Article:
Before your appointment: tips & advice
Thinking of turning to our Centre for help? Please feel free to contact us – we are here to help! We will do our best to provide the help and support you need in a safe and confidential environment. You can count on our discretion. We are committed to providing you effective help and support. To help us do this, please read the guidelines below.
- Please arrange any follow-up appointments with the same psychologist. If every meetings is with a different person, you will have to work through your matters of concern from the very beginning every time. The psychologist has to first get to know you a little.
- If you have ever received help or support from a psychologist or psychiatrist, it’s worth mentioning this during your consultation at our Centre. Similarly, if you are on any medication, have any alcohol- or drug-related issues—this kind of information is really important for us to be able to assess how to effectively give you the help and support you need.
- Since contact with a psychologist is confidential, it is best to avoid a situation where you and your partner, family member or best friend, etc. are receiving help and support from the same psychologist.
- Try to put into words exactly what kind of help you expect to receive from us, but don’t worry if you find this too difficult. We can do this together during a meeting.
We offer short-term psychological support (from one to several individual consultations). Please note, however, that the UW Psychological Counselling Centre is not an emergency intervention centre. We will always do our best to provide help and support, also in crisis situations, but our capabilities and resources are sometimes limited. If you need urgent help, contact a professional centre from the list available on our website. We do not offer long-term psychotherapy, only short-term psychological support (from one to several individual consultations).
Don’t wait until it gets too much to bear or handle – act now and reach out to us today! Some of you may be putting off seeing a psychologist because you may be thinking that things aren’t that bad yet. We all know, however, that prevention is always better than cure so don’t let your problems get the better of you—act now. We’re here for you – find out more about booking an appointment.
E-consultations: How best to prepare to make the most of your consultation
Online psychological sessions require somewhat different preparation from the participants of the therapeutic relationship than for a meeting in person in order to ensure confidentiality, discretion, a sense of security, and due focus on the issues raised. Here are a few tips on how to foster high quality and secure connections to talk without any interruptions and in an atmosphere marked by trust so that you can openly discuss your problem. We understand that it may be difficult for you to prepare for an e-consultation in this way but please don’t let this stop you from contacting us. We can look for the solution together. See you online!
- Try to find a room where you will not be bothered or distracted by anyone or anything.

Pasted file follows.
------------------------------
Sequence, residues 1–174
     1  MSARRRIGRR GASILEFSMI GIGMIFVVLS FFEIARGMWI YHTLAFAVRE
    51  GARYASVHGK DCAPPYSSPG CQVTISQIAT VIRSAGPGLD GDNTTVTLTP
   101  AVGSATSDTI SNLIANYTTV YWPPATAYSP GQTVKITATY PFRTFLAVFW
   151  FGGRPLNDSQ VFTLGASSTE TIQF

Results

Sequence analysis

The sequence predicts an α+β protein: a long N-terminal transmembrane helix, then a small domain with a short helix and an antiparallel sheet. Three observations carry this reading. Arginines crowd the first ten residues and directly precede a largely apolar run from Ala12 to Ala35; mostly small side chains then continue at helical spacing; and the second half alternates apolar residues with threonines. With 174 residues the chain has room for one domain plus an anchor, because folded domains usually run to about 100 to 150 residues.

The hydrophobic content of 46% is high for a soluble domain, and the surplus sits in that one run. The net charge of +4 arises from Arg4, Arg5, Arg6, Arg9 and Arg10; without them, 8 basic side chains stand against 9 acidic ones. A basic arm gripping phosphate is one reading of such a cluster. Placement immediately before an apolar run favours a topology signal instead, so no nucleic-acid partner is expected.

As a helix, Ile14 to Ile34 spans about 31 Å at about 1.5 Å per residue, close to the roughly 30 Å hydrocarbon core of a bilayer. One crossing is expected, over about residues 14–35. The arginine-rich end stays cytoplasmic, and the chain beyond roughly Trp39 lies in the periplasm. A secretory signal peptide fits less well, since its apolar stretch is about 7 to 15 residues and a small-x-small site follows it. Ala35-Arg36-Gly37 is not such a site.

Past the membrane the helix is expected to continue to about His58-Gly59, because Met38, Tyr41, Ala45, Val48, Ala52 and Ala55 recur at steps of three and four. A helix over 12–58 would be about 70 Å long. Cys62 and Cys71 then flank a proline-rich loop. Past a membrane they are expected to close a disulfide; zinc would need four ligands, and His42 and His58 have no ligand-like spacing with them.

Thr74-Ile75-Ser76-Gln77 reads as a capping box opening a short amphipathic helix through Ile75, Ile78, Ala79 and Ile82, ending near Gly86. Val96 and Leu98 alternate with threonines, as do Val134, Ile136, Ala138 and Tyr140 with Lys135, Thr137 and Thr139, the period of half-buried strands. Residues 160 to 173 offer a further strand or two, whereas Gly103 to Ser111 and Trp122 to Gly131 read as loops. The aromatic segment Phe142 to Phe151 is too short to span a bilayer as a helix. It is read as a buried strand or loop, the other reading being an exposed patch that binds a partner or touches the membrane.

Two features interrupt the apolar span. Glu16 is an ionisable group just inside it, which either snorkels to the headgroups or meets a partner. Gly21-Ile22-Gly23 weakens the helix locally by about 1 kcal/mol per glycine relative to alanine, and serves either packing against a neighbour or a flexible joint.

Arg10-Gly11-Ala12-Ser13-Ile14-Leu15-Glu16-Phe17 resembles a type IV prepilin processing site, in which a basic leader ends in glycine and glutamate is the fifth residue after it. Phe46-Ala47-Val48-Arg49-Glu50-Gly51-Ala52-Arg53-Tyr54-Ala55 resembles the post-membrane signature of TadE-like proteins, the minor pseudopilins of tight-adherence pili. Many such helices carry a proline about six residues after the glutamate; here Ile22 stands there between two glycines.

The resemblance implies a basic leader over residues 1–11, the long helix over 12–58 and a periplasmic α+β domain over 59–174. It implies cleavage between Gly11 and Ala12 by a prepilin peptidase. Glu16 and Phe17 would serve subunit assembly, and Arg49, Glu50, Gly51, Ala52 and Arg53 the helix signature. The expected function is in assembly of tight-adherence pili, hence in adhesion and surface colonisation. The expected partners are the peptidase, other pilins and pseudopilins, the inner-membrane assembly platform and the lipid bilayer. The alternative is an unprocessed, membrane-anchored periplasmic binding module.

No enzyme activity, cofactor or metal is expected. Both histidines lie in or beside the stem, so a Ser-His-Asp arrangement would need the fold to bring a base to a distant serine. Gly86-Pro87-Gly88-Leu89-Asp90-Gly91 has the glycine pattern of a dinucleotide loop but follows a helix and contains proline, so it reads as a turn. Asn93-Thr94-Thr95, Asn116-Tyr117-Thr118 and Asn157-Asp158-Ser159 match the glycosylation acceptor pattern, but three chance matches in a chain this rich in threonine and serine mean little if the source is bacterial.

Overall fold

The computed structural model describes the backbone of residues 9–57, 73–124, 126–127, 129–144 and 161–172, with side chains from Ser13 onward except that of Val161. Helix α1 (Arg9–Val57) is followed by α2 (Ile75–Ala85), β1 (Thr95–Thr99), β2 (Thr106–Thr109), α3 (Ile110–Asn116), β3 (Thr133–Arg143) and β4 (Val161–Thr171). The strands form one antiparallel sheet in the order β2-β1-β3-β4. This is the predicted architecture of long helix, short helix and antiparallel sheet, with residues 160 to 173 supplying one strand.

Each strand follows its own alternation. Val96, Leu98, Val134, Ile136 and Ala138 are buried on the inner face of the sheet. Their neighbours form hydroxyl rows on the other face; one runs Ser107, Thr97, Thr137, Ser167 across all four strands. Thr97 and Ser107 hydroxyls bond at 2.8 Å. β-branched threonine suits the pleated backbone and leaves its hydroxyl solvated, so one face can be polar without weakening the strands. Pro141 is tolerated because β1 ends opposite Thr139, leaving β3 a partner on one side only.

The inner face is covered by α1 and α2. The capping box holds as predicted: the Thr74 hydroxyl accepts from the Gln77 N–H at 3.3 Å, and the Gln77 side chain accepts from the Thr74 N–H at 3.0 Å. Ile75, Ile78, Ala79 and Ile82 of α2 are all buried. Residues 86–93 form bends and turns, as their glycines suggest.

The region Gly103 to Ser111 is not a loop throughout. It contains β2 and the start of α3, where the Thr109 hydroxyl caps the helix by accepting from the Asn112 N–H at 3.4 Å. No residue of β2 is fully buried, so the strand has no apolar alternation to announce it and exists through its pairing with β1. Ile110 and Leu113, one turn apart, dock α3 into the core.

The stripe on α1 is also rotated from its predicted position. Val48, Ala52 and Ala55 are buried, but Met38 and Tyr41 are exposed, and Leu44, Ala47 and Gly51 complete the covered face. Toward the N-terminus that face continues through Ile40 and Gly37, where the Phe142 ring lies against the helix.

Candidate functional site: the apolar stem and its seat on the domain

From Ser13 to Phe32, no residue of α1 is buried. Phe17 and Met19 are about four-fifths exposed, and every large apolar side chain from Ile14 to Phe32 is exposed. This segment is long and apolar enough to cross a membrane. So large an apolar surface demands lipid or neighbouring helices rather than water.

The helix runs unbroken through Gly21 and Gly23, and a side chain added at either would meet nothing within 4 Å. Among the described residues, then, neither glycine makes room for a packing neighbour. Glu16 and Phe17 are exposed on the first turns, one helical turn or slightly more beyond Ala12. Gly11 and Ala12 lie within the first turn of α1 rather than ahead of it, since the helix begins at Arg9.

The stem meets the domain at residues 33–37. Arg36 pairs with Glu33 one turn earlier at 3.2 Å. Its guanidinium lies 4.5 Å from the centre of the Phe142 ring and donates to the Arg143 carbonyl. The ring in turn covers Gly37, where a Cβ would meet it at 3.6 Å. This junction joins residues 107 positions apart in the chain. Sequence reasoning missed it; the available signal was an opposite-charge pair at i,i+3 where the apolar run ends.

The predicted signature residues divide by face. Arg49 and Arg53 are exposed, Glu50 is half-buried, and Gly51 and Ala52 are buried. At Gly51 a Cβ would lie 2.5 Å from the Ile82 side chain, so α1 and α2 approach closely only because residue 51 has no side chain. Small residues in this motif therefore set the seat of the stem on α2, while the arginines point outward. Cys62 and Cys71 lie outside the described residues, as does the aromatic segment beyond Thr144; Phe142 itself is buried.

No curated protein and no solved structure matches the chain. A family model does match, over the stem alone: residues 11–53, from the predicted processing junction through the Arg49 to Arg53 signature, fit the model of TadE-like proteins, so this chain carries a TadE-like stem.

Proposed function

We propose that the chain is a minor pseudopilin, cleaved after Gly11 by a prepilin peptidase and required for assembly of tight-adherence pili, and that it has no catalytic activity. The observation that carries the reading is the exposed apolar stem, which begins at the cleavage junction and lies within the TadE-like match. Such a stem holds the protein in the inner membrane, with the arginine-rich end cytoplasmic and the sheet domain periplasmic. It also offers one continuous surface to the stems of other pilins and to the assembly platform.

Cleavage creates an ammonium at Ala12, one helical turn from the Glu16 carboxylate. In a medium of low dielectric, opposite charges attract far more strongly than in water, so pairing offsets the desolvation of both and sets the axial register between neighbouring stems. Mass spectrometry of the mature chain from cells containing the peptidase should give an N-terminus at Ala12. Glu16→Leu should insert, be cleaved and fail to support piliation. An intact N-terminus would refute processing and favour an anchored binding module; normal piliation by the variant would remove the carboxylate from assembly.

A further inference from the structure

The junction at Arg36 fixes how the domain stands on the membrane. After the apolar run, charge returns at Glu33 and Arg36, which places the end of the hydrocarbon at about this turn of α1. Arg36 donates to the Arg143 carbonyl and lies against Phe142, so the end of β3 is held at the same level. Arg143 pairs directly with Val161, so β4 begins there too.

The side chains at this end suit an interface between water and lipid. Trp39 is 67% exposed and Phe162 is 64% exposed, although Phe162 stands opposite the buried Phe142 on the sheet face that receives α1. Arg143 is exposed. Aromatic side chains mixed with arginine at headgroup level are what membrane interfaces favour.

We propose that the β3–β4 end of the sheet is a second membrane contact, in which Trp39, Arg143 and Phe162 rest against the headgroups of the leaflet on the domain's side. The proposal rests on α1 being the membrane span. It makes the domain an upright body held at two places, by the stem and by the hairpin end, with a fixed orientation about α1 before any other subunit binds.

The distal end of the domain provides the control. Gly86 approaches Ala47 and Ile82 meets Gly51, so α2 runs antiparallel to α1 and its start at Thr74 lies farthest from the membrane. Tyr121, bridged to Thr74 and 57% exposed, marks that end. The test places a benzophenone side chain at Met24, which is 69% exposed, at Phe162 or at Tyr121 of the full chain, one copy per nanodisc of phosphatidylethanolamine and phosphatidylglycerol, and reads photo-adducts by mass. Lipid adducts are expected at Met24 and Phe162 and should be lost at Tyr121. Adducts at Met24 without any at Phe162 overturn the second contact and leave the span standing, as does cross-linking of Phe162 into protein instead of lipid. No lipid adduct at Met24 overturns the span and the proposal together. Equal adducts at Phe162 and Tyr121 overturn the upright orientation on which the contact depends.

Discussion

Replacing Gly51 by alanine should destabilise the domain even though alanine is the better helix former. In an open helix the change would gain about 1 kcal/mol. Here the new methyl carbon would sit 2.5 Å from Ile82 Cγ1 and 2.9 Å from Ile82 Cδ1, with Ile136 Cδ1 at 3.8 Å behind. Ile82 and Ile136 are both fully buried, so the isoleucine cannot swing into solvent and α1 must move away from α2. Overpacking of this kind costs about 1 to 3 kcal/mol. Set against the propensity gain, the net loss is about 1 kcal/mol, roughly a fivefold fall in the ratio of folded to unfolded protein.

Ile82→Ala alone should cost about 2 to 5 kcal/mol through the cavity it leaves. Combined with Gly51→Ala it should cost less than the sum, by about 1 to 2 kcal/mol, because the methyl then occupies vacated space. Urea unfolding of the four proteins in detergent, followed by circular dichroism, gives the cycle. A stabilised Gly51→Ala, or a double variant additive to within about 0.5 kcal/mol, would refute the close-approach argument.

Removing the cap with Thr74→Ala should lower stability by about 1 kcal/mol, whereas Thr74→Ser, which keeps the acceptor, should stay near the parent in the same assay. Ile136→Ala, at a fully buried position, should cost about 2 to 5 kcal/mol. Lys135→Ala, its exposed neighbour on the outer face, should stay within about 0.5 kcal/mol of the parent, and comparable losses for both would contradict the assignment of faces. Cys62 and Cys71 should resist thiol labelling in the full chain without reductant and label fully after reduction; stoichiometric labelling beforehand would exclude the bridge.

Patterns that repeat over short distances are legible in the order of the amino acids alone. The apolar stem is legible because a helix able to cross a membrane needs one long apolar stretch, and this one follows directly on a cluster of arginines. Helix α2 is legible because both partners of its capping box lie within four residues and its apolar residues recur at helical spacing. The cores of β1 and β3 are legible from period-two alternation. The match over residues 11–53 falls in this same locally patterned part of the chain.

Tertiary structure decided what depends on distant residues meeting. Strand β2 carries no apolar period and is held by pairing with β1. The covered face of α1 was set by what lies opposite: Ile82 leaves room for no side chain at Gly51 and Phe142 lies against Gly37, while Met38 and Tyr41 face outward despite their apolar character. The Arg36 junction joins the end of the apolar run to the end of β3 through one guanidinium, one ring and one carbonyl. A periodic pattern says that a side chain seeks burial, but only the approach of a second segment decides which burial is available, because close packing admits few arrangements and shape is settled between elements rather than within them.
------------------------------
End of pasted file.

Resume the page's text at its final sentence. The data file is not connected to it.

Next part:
- Test the webcam and mic on your device to see if they are working properly.
- Place your computer, laptop, tablet, smartphone on a sturdy stand, desk or table.
- Make sure the camera is at eye level or a little higher.
- Try to position the screen at about an arm’s length distance from your face to avoid a blurred (out of focus) image.
- Assume a comfortable position, preferably sitting.
- Make sure the session starts on time.
Brief supportive online conversations are available without making an appointment – find out more
The Psychological Counselling Centre provides support on a strictly confidential basis, enshrined in the Code of Ethics and Conduct of Psychologists developed by the Polish Psychological Association. Point 21 and 22 of the Code states:
The psychologist is strictly obliged to observe professional secrecy. Information covered by professional secrecy may only be divulged when the safety of the client or other persons are seriously at risk. Whenever possible, decisions in such cases should be carefully discussed with an experienced and unbiased colleague. Confidential materials should be destroyed under collective supervision if there is good cause to believe that their secrecy is endangered.
Questioning the client about intimate or personal matters is only permissible in so far as it is strictly necessary for psychological therapy. In practice, this means that everything that is said at a meeting is protected by confidentiality, therefore, the psychotherapist will keep all the client’s personal affairs to her/himself. Supervision is an exceptional situation when a psychotherapist is building a clinical picture and determining the direction of therapy together with a more experienced psychologist. In such situations, however, they talk about their work in a way that makes it impossible to identify the given person(s) in the real world. An exception from the confidentiality principle may include circumstances where the client is talking about suicidal thoughts and immediate intervention is required in collaboration with the health services.